As both a white girl and a non-manga consumer, I am prepared for my opinion not to be taken seriously. But, as an avid moviegoer, I have to say 2017’s Ghost in the Shell is an impressive work not only visually, but also in its capable storytelling.
Ghost in the Shell is set in a futuristic world where it is not uncommon for humans to have cybernetic “enhancements,” with Hanka Robotics as the looming corporate leader in those technological advancements. Hanka developed a way to incorporate a human brain into a robot body, with the brain being the soul – or, ghost – and the body being the shell. And thus we have Major Mira Killian, the heroine of our story and breakout fighter of Section 9, anti-terrorist defenders of the metropolis. The narrative develops as Major begins to unlock the secrets of her past with the help of her teammates.
Say what you will about Scarlett Johansson’s flat acting; I’ve been known from time to time to joke that she keeps getting cast in all these android-esque roles because she is one. Something about her eyes makes her perfect for these jobs – her gaze toward you, yet slightly over you. Her natural monotone. Mind you, I normally do find these traits of hers more intriguing than dismissable. And so do casting directors, apparently.
Hollywood wants to make money. I’m not saying that is okay or excusable, but the harsh reality is that this movie needed a star. The sad part is, that need wasn’t for the sake of watchability (admittedly, Johansson doesn’t offer much beyond her inherent android-ness that would make this film suffer without her), but only for the sake of marketing. Producers thought that if a lesser-known Asian actress was cast as Major, Americans likely would not go to see the film. Ironically, the cries of whitewashing were what really hurt the film, which stands to lose a possible $100 million due to poor box office performance.
Personally, though, I’m inclined to agree with Mamoru Oshii, director of the 1995 anime adaptation of the manga, who told IGN he didn’t see a problem with Johansson’s casting. “[Major’s] physical form is an entirely assumed one,” Oshii stated, “…so there is no basis for saying that an Asian actress must portray her.” He goes on to surmise he only sees a political agenda from those who oppose the casting, saying “I believe artistic expression must be free from politics.” So, if you get to the heart of the matter, it’s not relevant what Major looks like on the outside. Her brain is what counts.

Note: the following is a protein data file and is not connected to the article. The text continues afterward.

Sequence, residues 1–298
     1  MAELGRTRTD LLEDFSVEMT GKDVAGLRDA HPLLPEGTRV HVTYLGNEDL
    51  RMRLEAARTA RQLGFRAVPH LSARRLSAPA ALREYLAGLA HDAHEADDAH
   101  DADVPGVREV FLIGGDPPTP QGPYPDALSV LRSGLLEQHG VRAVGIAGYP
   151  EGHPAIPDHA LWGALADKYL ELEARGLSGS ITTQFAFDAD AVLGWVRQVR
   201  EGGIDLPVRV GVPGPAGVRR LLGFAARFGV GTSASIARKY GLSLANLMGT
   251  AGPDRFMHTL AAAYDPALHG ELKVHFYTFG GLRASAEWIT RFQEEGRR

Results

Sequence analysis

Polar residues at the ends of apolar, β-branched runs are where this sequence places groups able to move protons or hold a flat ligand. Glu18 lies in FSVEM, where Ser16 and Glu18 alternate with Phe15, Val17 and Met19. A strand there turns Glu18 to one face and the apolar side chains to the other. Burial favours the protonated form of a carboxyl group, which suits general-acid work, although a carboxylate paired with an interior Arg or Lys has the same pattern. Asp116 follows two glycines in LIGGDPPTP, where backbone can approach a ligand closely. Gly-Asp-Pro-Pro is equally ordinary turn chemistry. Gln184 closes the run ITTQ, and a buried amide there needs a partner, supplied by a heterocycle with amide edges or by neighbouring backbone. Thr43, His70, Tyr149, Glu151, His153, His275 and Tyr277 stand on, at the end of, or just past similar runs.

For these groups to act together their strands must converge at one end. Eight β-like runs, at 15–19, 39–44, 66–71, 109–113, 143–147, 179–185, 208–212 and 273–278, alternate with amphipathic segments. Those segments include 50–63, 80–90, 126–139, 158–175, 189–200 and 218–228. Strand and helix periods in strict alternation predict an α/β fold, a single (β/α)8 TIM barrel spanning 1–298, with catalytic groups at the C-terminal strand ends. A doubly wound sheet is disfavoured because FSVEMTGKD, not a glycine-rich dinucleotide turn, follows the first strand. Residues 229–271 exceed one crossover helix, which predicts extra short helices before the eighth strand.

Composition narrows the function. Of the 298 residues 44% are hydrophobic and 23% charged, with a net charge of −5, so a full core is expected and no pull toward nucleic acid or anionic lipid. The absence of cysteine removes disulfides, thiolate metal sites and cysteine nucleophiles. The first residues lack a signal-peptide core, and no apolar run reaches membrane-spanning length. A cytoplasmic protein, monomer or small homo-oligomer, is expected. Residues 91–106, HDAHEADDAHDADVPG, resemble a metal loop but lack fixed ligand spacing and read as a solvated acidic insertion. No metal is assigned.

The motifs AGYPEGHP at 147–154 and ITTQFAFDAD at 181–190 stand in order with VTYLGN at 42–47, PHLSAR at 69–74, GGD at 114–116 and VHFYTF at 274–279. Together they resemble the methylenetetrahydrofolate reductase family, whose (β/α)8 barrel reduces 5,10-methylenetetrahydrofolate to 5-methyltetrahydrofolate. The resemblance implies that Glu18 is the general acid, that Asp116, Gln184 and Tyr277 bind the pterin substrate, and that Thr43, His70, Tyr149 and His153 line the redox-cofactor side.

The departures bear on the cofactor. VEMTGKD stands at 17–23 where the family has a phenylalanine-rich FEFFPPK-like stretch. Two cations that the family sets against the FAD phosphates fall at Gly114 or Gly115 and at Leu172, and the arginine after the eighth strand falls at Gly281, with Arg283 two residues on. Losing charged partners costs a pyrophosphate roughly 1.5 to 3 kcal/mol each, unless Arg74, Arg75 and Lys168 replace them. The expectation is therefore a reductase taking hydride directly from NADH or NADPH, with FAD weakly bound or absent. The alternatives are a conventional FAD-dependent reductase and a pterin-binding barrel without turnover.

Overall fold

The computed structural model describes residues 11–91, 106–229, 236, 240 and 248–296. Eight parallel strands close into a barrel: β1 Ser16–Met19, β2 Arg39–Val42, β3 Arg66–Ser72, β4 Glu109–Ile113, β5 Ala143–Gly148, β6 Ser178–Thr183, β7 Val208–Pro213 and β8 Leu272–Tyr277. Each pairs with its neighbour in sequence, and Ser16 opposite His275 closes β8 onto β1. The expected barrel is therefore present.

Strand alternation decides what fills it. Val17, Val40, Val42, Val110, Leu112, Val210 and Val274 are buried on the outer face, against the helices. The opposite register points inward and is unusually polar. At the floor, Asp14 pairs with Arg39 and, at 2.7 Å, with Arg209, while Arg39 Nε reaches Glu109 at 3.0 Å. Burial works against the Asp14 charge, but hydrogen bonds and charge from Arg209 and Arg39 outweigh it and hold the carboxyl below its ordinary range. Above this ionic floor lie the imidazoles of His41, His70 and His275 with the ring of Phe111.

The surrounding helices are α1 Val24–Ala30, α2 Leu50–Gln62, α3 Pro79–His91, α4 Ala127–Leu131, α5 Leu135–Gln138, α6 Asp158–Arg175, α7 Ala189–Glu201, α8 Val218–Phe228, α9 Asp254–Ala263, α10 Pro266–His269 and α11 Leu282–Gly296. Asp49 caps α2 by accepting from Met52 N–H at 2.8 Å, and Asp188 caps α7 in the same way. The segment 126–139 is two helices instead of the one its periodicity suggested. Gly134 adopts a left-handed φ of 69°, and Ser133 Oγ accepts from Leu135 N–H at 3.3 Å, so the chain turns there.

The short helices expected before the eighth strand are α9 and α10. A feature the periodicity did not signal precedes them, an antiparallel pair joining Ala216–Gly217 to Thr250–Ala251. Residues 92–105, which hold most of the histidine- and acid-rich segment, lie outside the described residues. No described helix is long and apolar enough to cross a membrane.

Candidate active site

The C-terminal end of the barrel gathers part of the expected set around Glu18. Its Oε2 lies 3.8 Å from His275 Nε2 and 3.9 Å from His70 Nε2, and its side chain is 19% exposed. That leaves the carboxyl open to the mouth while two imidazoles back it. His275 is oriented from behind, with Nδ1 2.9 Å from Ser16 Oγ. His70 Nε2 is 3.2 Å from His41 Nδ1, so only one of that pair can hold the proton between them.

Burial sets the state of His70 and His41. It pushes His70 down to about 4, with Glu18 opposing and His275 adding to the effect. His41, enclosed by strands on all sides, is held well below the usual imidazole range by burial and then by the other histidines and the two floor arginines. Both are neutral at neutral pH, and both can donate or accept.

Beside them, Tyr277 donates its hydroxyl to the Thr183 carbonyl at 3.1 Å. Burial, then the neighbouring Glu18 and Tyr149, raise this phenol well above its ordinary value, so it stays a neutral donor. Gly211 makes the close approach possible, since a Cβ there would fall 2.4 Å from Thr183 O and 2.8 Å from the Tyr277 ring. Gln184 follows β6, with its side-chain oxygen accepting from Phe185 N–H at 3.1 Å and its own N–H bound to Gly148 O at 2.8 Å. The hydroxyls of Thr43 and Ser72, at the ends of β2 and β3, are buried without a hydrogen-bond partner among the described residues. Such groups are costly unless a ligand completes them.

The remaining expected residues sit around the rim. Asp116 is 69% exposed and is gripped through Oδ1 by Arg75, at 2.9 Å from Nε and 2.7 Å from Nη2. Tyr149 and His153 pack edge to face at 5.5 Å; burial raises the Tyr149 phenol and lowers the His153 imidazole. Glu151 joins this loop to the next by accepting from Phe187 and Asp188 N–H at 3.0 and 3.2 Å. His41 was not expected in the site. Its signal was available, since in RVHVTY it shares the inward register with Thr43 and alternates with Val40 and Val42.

WARNING: THIS SECTION CONTAINS SPOILERS
And you can say that’s what this film is trying to tell the audience: that beauty is on the inside, that one’s identity is complicated. Following guidance from her creator, Dr. Ouelet (Juliette Binoche), Major begins to see her hidden memories as more than just glitches. She visits an older woman who is still grieving her runaway daughter, Motoko, and Major’s confusion over the identity of her ghost as manifested in her spotty memory and her assumed identity as a Section 9 officer is seemingly too much for her to handle. She exits, knowing she must find out the truth about Motoko. This is where the existential theme gets a little lackluster. Although Major’s search for self is there, it’s kind of watered down from what it should be. Her quest is more personal journey than pursuit of philosophical truth, with Major only questioning what her memories are and how she came into being (this is where the mantra of “we cling to memories like they define us” really comes into play). The existential challenges of what a soul is and what that might mean to an android aren’t addressed. However, the film concludes with Major and Motoko’s mother embracing in a sad-but-sweet reunion, proving the theme of reconciliation and acceptance. It’s actually a nice bit of closure, but then, we’re left asking, do we really even need closure in a story like this?
If you’re going to see this film in the theater, I recommend you check out the 3-D version. I don’t normally think much of 3-D filmmaking past its gimmick, but in this film, the 3-D functions to help fully immerse you into the world of New Port City. The city itself is one of Blade Runner proportions, vertical and expansive. Except, the neon color palette chosen gives the film a refreshing, almost uplifting scifi appeal, even among the sociological gloom of this futuristic world. It’s unfortunate, though, that the film’s action sequences felt so light – I was hoping for more creativity and, I’ll be honest, violence. In a film like this, the possibilities are endless as far as pushing boundaries for strangeness and intensity, but most of the action felt held back – most likely in effort to ensure a PG-13 product.
Let me stress again I have never looked at the Ghost in the Shell manga or seen the anime film (or series), so I am basing this review only from the perspective that this film is an entirely separate entity. That said, I found 2017’s Ghost in the Shell to be visually impressive, interesting enough, and oddly sweet. But I can’t help but feel that this version of the story only scratches the surface of what it could (and should) be. And, don’t worry, anime fans, this experience has inspired me to take a dive into the source material.